Happy World Breastfeeding Week!
August 1 – 7 is World Breastfeeding Week. The main purpose of WBW is promote breastfeeding in emergency situations worldwide. An emergency can happen anytime and anywhere. They want to inform mothers, breastfeeding advocates, communities, health professionals, governments, aid agencies, donors, and the media on how they can actively support breastfeeding before and during an emergency.
WHY WORLD BREASTFEEDING WEEK 2009?
- Children are the most vulnerable in emergencies – child mortality can soar from 2 to 70 times higher than average due to diarrhea, respiratory illness and malnutrition.
- Breastfeeding is a life saving intervention and protection is greatest for the youngest infants. Even in non-emergency settings, non-breastfed babies under 2 months of age are six times more likely to die.
- Emergencies can happen anywhere in the world. Emergencies destroy what is ‘normal,’ leaving caregivers struggling to cope and infants vulnerable to disease and death.
- During emergencies, mothers need active support to continue or re-establish breastfeeding.
- Emergency preparedness is vital. Supporting breastfeeding in non-emergency settings will strengthen mothers’ capacity to cope in an emergency.
In every country around the world breastfeeding needs to be supported and promoted, especially areas where clean water is limited and government conflicts can create national emergencies. Infant mortality rates in time of crisis can be dramatically decreased if a baby who was breastfed can still be breastfeed. “Breastmilk is the one safe and secure source of food for babies, instantly available, providing active protection against illness and keeping an infant warm and close to his/her mother. During the first three months of conflict in Guinea-Bissau in 1998, the death rate amongst 9–20 month old non-breastfed children was six times higher than amongst the children of the same age-group who were breastfed.“ Even women who are HIV positive can still breastfeed.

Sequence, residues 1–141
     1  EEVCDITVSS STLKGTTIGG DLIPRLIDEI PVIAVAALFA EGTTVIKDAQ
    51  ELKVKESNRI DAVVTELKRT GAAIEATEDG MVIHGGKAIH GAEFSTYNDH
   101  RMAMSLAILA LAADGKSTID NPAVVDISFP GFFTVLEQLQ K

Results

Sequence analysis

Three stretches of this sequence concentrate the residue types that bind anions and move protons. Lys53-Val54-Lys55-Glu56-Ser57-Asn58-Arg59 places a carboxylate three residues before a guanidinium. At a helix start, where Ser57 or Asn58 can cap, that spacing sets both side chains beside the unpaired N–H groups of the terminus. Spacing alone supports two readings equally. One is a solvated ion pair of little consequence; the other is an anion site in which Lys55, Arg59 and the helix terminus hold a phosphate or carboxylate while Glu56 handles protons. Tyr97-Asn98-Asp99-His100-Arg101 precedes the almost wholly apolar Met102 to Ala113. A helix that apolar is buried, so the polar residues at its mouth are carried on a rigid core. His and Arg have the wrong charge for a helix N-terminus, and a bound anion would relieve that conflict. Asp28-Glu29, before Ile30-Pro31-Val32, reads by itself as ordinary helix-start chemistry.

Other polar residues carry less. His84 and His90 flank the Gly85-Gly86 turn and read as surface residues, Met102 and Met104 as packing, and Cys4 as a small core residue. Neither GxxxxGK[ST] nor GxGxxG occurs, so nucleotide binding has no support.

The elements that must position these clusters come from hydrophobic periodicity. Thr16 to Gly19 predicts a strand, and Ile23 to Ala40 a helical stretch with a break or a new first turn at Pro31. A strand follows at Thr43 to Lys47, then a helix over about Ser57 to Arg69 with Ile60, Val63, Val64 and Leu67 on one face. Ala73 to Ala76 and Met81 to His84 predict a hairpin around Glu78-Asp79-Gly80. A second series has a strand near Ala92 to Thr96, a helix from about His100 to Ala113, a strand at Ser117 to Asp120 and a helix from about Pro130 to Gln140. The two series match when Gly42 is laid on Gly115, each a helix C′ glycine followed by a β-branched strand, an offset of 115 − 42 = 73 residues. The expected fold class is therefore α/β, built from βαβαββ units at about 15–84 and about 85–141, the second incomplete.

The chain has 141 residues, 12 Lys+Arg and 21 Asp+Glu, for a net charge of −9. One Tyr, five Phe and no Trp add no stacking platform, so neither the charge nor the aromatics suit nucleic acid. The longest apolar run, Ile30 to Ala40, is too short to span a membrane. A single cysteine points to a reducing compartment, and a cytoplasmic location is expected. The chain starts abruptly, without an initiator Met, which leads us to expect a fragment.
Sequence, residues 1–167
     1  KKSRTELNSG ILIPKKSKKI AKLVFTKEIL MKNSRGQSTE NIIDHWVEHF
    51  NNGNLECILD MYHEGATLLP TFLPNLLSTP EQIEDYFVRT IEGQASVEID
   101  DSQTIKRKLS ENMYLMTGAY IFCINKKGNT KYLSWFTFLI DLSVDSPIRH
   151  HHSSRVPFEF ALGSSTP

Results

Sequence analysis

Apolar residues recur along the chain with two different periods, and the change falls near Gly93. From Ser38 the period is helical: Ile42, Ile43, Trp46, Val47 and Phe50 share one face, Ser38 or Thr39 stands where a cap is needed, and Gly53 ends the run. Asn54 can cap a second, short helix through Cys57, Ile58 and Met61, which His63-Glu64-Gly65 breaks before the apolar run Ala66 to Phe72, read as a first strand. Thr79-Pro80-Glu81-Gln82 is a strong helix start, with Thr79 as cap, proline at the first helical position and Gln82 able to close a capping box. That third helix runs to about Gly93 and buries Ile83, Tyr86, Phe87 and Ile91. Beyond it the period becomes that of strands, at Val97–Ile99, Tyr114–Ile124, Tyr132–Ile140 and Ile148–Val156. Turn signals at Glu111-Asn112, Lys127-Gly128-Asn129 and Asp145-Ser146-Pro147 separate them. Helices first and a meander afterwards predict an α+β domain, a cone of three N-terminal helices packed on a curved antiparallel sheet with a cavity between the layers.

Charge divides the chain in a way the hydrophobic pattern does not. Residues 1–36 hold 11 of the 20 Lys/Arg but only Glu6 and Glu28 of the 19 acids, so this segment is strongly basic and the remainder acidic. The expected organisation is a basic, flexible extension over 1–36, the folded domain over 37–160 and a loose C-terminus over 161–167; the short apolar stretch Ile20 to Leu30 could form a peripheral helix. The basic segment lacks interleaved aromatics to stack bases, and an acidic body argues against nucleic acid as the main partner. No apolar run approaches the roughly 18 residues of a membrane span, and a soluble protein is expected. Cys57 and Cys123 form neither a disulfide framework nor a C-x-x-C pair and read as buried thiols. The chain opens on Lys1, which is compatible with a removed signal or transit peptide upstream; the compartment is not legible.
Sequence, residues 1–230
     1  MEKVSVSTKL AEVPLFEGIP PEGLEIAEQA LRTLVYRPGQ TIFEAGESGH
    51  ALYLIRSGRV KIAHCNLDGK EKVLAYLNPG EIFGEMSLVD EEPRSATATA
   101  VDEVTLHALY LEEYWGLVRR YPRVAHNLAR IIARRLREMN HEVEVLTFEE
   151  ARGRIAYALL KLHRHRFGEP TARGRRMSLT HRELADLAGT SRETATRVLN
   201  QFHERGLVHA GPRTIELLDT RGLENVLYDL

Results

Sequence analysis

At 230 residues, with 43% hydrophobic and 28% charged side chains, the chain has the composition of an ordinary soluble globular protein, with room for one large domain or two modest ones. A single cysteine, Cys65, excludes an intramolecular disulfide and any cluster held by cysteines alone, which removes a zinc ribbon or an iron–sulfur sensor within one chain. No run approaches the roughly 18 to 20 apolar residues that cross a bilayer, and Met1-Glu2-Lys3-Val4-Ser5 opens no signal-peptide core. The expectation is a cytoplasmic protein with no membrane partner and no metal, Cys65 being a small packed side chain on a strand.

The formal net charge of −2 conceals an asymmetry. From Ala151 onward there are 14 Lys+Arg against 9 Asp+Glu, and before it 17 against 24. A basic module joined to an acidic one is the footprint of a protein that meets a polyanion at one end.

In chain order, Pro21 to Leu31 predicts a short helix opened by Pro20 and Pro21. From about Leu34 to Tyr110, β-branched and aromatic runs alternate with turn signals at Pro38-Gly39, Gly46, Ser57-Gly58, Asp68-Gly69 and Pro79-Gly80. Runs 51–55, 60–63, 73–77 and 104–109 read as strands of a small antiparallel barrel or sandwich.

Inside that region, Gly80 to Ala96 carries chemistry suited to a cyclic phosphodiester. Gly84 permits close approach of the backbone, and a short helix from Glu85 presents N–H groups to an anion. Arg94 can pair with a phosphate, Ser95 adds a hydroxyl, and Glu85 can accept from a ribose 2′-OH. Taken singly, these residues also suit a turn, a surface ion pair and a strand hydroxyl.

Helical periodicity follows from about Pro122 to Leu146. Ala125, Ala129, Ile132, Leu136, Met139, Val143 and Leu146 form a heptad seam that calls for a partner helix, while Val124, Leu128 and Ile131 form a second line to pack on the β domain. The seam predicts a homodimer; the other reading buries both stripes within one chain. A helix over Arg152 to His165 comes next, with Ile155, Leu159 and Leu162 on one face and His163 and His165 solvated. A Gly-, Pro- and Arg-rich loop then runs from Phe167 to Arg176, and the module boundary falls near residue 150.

“Once an emergency strikes, simple measures can make all the difference in the world to a mother caught up in it. Ensure that mothers are secure, have priority access to food for the family, water, shelter, and when necessary, safe places to breastfeed (with privacy, where culturally required).”
When Katrina hit New Orleans access to clean water was limited, but mothers who breastfed could still breastfeed their infants. Then they were evacuated to shelters where breastfeeding may have been frowned upon, because it isn’t widely culturally acceptable here in the United States. I wonder if there were comfortable places made for women to nurse. I know I feel more comfortable nursing in private another room or using a nursing cover.
So what can you do to help promote breastfeeding in an emergency?
- Exclusively breastfeed your baby until s/he is 6 months of age. Continue to breastfeed your baby to 2 years or beyond.
- Encourage your local mother support group(s) to discuss emergency preparedness. For example, plan ways that the group could staff a safe place for mothers and provide mother-to-mother support to breastfeeding if large numbers of people are made homeless.
- Make contact with local emergency authorities and community groups and tell them about IFE.
During an Emergency
- Continue to practice optimal breastfeeding.
- Offer support to other mothers who are having difficulties or to mothers of newborns in an emergency.
- Consider wet nursing if needs are identified, e.g. orphans, very ill mothers.
- Help organise safe places for mothers with mother-to-mother support for breastfeeding.
Support from Afar
- Identify agencies that support breastfeeding in emergencies and fundraise for them.
*All the information in this blog post is from World Breastfeeding Week’s Action Folder. I would highly recommend downloading it and reading it.
How are you going to celebrate World Breastfeeding Week? I am going to keep nursing my 5 month old!
You can ad a twibbon to your twitter profile pic to show your support. http://twibbon.com/join/World-Breastfeeding-Week